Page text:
May 02, 2014 - 7:30pm

Chancellor Merkel: Transatlantic Trade Agreement Would Energize Global Economy


Senior Editor, Digital Content

US_Chamber_Merkel_800px.jpg

German Chancellor Angela Merkel with U.S. Chamber President and CEO Tom Donohue. Photographer: Ian Wagreich / © U.S. Chamber of Commerce.

For decades, the transatlantic partnership between the United States and Europe has promoted freedom and prosperity across the globe. The Transatlantic Trade and Investment Partnership (TTIP), being negotiated by the European Union and the United States is the next step in this relationship.

In a speech at the U.S. Chamber, German Chancellor Angela Merkel said TTIP “would be an important impetus to the global economy as a whole.”

Merkel spoke about the values of freedom and rule of law that are shared on both sides of the Atlantic. There was no better, closer, or more reliable partner for German and the European Union than the United States, she said.

The economic ties of the United States and Europe also run deep. “Fifty million jobs on both sides of the Atlantic” depend on this economic relationship, Merkel noted. In particular, German companies support 600,000 jobs in America, and American companies support 800,000 jobs in Germany.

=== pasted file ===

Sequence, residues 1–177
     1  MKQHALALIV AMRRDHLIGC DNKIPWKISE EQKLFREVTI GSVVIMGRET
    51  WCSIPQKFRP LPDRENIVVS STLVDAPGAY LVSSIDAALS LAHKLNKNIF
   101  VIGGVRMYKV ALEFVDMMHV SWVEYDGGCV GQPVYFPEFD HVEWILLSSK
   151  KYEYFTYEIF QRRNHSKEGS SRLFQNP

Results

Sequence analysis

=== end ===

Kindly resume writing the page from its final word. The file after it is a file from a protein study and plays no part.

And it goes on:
By drawing down tariff and non-tariff barriers, liberalizing services and public procurement, and promoting regulatory cooperation, TTIP will “strengthen both sides of the equation.”

The end result will be “lower prices and a broader range of products.”

In addition, the U.S. and European Uinon will be better able to set high standards for future global trade agreements.

During the question and answer session after her speech, Merkel was asked, "What can the American and European business communities do to push TTIP negotiations along?" She advised that they “talk to their own labor forces” and educate the public about the benefits of trade agreements already in place as well as the benefits that would come from TTIP.

Donohue noted that the U.S. Chamber will be holding a series of events in the U.S. and Europe to do just that. “America needs Europe and we need this agreement,” he said.

 

About the Author

About the Author

Sean Hackbarth
Senior Editor, Digital Content

Sean writes about public policies affecting businesses including energy, health care, and regulations. When not battling those making it harder for free enterprise to succeed, he raves about all things Wisconsin (his home state) and religiously follows the Green Bay Packers.